They liked the food but loved the company

Looking for love late in life? Hey, it happens. Something as simple as sitting next to a stranger for a meal can kick off a deep and lasting relationship.

Bee and Manny Cherkas met in late 2007 at a “meet and greet” luncheon for prospective residents of the Moldaw Residences in Palo Alto, which was under construction at the time.

Bernice “Bunny” Rosenberg met Milton Matz six months ago in the dining room at the Reutlinger Community for Jewish Living in Danville. Wanting to change her server, Rosenberg spoke to the dining-room manager about moving to a different table.

“Looking around, I saw a man and I liked his face, so I asked to move to that table,“ Rosenberg said. “That first day, we didn’t speak. The next day, we started talking — and we haven’t stopped.”

Manny and Bee Cherkas

Both couples say their love matches were beshert.

Marcia Naomi Berger, a marriage and family therapist in San Rafael, doesn’t doubt it. Love, she says, is not just for the young.

“Everybody who really wants to, can find love if they put their energy into it and get past the obstacles,” Berger said. “It’s a wonderful thing to find love again, to connect with someone in a physical and emotional relationship that makes you feel fully human.”

Berger is the author of “Marriage Meetings for Lasting Love: 30 Minutes a Week to the Relationship You’ve Always Wanted.” She noted that most older people who build new relationships have been married before and gone through a divorce or lost a spouse to illness. “People have to grieve that loss,” she said, “and then they have to build themselves back up again, move forward.”

Moving to Moldaw is what Bee and Manny Cherkas both had in mind when they first met. “We just happened to attend a meeting where they were taking applications,” Manny said. “When we chatted, Bee mentioned she hiked with a group on Sunday mornings, so the next Sunday, I joined the group. Bee wasn’t there.”

The following Sunday, Manny gathered with the hikers. Again, Bee did not attend. That was it for him.

“Then Bee called me to say her sister had been visiting, and to ask whether she would see me the following Sunday,” he recalled. “On that hike, we talked the whole time, and I fell in love.”

On their first date, the couple drove to San Francisco to see the Jewish Home, because of Moldaw’s connection to the facility, and the S.F. Jewish Community Center, because Manny was on the Palo Alto JCC’s board of directors. Seven months later, in July 2008, they married.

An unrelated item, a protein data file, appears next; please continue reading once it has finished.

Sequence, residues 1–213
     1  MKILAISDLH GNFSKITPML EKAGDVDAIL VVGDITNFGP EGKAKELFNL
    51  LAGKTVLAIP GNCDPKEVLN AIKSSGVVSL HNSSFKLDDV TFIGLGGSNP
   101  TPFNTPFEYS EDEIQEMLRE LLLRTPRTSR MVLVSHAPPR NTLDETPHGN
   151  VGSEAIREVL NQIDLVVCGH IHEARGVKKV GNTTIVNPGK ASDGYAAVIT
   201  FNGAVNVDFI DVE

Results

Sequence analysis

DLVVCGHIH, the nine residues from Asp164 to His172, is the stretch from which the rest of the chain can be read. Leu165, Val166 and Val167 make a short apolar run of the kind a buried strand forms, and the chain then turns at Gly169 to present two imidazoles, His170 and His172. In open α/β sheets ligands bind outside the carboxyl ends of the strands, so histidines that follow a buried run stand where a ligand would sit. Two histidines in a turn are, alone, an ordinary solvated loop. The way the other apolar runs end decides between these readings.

“My husband had passed away two years earlier, after a long illness, and I was open to the idea of marriage,” Bee said. “I believe it is never too late for new beginnings.”

Bernice “Bunny” Rosenberg and Milton Matz

Manny, who had been divorced for a long time, agreed. “It’s so nice when you find someone wonderful and you can look forward to spending the rest of your days together,” he said.

Bee, 78, is a retired dental hygienist originally from New York. Manny, 84, is a retired electrical engineer. They are members of Congregation Kol Emeth and between them, have four grown daughters and 10 grandchildren.

They enjoy traveling, still go hiking together, and are physically active. Bee works out at the gym and Manny plays tennis. Also, Bee is active in Hadassah and Manny is a docent at the Filoli gardens in Woodside.

Both said they enjoy the many social activities at Moldaw. “Here, you’re with friends all the time.” Bee said.

Rosenberg, 91, and Matz, 89, started out as friends and quickly became almost constant companions. Early on, they discovered they have a great deal in common. Both have endured the deaths of two spouses and two close companions. Both are from New York City. They enjoy movies, bingo and sharing meals. And they share a sense of humor and enjoy spirited conversations on a wide range of topics.

“Also, we are both very open-minded about sex,” Rosenberg said. “We have talked often about how difficult it is for a lot of people to accept older people enjoying romance and sexual involvement, and being caring and loving companions.”

Matz, a retired Reform rabbi who worked 32 years as a clinical psychologist, is also a playwright, currently working on a play about love and sex among older adults.

Rosenberg studied retailing and began working at age 46 in an employment agency in New York City. At 60, she opened her own agency and “did very well.” She retired at 72.

Between them, Rosenberg and Matz have three grown children and five grandchildren. Their families get along well, Rosenberg said.

Still, they have no plans to marry. “We feel married emotionally and Jewishly,” Rosenberg said. “There are different ways to do this, and we are very comfortable the way things are.”

Matz, who attends Shabbat services regularly at the Reutlinger, described Rosenberg as “an unusual lady living an unusual life, who enriches the community in which she lives.”

Asked what he likes best about her, Matz laughed and said, “That she likes me.”

Berger, a licensed clinical social worker, offered some tips for older couples that plan to spend the rest of their lives together. She identified three topics that must be addressed early in the relationship: money, sex and unfinished business.

Challenges in all three areas can be resolved, Berger said, but they must be discussed.

“Don’t give up because an issue arises — there is always an issue,” she said. “Just take the attitude that both of you will do whatever it takes to succeed.”

Patricia Corrigan

Patricia Corrigan is a longtime newspaper reporter, book author and freelance writer based in San Francisco.